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Johann Nepomuk HUMMEL (1778-1837)
Piano Trios - Volume 1
Trio No. 2 in F major, op. 22 (1807) [13:06]
Trio No. 3 in G major, op. 35 (1811) [14:32]
Trio No. 6 in E flat major, op. 93 (1822) [19:17]
Trio No. 7 in E flat major, op. 96 (1822) [18:28]
Gould Piano Trio (Lucy Gould (violin); Alice Neary (cello); Benjamin Frith (piano))
rec. Champs Hill, West Sussex, UK, 28-30 January 2013.
NAXOS 8.573098 [65:24]

Johann Nepomuk HUMMEL
Piano trio No. 5 in E major, op. 83 (1819) [22:13]
Piano trio No. 6 in E flat major, op. 93 (1822) [19:21]
Trio Parnassus
No recording details provided
SWR MUSIC SWR10148 [41:34]

Hummel was my first obscure composer, by which I mean that he was the first composer whose name was unknown to me when I heard and was so impressed by his music. That was twenty years ago or so, and he has remained a “pet” composer, though I do acknowledge his weaknesses. The recording industry, particularly Chandos and Naxos, has been reasonably kind to his memory, with a steady trickle of releases. I’m not sure how much of his oeuvre remains unrecorded, if any, but new recordings are always welcome.

He was a virtuoso pianist, and hence works involving that instrument both dominate and are the best of his compositions. While his music is often considered to be proto-Romantic, these trios are closer in spirit to Haydn and Mozart than Beethoven or Schubert. They are genial and undemanding on the ear, rarely venturing beyond superficial pleasantries. That isn’t intended to be a criticism of them; after all, much music of this era was like this. I’m thinking of contemporaries such as Clementi, Dussek, Pleyel and Moscheles. Only with the great ones do we delve deeper.

Trios 2 and 3 are very much in this mould, not even requiring great virtuosity from the pianist. Moving on ten years or so, trios 5, 6 and 7 do show a degree of advancement, but even here, the writing for the strings is relatively straightforward. It wouldn’t be overstating it to describe these trios as better named as piano sonatas with violin and cello obbligato.

Recordings of the Hummel trios are fairly scarce. There are only two complete sets currently available, one of which is from Trio Parnassus on MDG, which I don’t possess. Given the complete lack of documentation “provided” with the SWR set, I can only assume that it is the same ensemble in both recordings. My only recording of the trios previous to these two was the Borodin Trio on Chandos (CHAN9529, Nos 1, 5 and 7). Comparing the two performance of Trio 6, the Parnassus is quicker in the outer movements, and slower in the middle, and overall more characterful than the Gould. This is even more pronounced when comparing Trio 5 of the Parnassus and the Borodin, where the latter seems almost moribund in the supposedly outer movements. I suspect it was this lack of energy in the Borodin recording – which I have had for more than a decade – that deterred me from purchasing the complete Parnassus set.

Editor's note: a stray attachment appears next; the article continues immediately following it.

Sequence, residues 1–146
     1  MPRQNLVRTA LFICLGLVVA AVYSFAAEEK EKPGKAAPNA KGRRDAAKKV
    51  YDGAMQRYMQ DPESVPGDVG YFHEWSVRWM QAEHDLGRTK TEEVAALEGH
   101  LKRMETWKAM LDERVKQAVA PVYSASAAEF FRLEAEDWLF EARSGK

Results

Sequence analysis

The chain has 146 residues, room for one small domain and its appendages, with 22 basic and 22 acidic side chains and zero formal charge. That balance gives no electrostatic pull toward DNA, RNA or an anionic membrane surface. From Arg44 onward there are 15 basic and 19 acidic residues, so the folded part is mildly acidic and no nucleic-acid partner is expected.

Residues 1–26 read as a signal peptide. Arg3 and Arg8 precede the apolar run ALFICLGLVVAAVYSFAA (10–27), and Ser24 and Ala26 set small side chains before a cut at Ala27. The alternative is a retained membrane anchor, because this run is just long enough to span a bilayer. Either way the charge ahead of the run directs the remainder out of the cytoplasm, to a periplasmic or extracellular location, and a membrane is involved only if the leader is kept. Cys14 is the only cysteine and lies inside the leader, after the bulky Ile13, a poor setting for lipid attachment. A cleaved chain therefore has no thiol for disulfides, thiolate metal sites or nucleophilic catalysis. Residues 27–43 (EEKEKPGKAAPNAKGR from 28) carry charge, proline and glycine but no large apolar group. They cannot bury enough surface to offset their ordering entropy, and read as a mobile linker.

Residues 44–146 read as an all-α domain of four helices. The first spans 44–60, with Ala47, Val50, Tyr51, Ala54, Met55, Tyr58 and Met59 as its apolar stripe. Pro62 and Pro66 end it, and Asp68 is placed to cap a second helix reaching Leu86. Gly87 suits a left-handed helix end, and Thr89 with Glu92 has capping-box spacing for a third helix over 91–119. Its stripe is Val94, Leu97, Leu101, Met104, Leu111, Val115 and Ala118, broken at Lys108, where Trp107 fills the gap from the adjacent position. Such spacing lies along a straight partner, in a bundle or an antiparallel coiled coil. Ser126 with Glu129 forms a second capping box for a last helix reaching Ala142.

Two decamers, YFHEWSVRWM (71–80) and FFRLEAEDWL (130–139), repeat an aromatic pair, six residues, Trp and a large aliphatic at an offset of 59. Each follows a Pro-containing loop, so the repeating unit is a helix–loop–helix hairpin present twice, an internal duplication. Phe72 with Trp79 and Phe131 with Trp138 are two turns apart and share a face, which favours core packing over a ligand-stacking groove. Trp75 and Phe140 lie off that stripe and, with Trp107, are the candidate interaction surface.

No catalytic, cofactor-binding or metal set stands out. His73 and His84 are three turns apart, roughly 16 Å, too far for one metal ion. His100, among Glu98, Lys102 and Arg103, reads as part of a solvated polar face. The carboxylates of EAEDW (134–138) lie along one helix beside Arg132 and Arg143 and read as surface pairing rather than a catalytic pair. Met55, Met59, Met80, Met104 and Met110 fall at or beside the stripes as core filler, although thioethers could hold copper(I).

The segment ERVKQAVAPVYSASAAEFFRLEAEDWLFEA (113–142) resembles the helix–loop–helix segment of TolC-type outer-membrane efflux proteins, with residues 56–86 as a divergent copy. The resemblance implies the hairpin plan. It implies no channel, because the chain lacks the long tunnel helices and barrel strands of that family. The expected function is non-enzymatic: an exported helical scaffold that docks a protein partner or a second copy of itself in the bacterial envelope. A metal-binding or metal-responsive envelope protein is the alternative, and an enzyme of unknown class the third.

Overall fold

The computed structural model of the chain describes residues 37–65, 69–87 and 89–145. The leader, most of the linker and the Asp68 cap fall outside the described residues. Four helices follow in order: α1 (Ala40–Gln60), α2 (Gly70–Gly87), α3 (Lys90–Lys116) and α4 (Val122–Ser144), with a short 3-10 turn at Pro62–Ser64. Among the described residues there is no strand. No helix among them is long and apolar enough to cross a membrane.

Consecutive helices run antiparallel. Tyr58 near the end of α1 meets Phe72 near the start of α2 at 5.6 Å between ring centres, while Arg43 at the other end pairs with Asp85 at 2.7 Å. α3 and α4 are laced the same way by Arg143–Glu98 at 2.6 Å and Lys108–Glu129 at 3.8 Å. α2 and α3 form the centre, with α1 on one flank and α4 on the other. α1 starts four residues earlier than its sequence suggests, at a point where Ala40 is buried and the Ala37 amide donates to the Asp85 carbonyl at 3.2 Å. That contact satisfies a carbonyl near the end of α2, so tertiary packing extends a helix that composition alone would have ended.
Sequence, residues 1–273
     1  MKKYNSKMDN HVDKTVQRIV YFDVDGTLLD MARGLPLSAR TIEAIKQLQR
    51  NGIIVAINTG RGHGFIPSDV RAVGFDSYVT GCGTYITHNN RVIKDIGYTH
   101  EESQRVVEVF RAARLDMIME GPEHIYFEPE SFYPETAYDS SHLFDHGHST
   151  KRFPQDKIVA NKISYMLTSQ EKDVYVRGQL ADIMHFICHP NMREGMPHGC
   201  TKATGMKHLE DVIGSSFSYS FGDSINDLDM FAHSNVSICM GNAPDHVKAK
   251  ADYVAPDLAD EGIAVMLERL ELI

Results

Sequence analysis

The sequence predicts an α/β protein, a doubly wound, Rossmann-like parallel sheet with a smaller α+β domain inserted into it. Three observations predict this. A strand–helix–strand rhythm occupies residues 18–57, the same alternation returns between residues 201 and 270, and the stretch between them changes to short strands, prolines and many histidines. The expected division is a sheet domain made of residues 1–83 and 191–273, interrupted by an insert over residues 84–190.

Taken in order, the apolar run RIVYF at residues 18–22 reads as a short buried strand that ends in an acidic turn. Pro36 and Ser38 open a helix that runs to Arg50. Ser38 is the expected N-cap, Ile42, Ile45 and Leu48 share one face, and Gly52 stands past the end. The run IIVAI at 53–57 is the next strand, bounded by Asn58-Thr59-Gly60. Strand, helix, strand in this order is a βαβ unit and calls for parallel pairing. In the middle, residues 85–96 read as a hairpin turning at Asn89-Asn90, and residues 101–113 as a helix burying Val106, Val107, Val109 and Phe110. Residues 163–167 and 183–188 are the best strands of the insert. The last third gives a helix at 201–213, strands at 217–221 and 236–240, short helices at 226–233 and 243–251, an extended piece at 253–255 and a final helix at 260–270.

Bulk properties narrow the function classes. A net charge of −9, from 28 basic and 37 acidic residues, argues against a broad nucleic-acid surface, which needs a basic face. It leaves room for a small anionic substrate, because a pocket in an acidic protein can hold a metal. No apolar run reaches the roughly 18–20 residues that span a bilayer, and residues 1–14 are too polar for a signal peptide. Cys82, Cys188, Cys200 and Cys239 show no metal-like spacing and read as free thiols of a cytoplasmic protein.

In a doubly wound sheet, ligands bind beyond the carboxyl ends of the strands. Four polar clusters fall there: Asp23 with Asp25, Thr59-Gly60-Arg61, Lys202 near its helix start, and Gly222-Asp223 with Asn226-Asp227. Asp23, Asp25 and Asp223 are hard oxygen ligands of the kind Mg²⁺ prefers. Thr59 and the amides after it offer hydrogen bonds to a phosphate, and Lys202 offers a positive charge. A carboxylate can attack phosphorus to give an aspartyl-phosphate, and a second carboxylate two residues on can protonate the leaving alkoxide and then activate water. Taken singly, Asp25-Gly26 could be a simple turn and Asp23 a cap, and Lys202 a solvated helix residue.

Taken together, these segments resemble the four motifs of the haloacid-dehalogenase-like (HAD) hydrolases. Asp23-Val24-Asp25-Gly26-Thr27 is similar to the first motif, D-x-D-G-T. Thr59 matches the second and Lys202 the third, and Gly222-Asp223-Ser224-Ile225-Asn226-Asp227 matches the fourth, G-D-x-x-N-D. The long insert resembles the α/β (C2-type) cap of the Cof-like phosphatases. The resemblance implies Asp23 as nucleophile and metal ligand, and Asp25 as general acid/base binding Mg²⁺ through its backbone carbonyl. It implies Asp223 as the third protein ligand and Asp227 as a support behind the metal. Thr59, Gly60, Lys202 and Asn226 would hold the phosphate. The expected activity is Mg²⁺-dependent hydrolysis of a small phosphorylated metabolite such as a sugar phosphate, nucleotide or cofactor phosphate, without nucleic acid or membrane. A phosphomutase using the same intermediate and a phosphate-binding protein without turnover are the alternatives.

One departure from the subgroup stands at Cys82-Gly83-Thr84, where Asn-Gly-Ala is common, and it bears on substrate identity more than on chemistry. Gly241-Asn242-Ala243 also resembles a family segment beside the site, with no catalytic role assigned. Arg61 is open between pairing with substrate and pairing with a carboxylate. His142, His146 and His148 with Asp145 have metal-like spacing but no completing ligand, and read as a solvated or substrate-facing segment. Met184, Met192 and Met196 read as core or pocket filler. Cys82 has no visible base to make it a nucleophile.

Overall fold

I listened to these two recordings as 320k mp3 downloads from Classicsonline – the sound quality was perfectly fine in both cases. I’m guessing that the Parnassus is a concert recording, but if so, the audience is very quiet. Given that the music is not of the highest order, the economics of these two recordings does come into play. The Parnassus is only available as a download, and despite the very short playing time, is more expensive than the Gould ($US9.99 and 6.99).

If the content was the same, I would go for the Parnassus, but if you are starting your collection of Hummel trios, the Gould versions are perfectly satisfactory.

David Barker

Hummel review index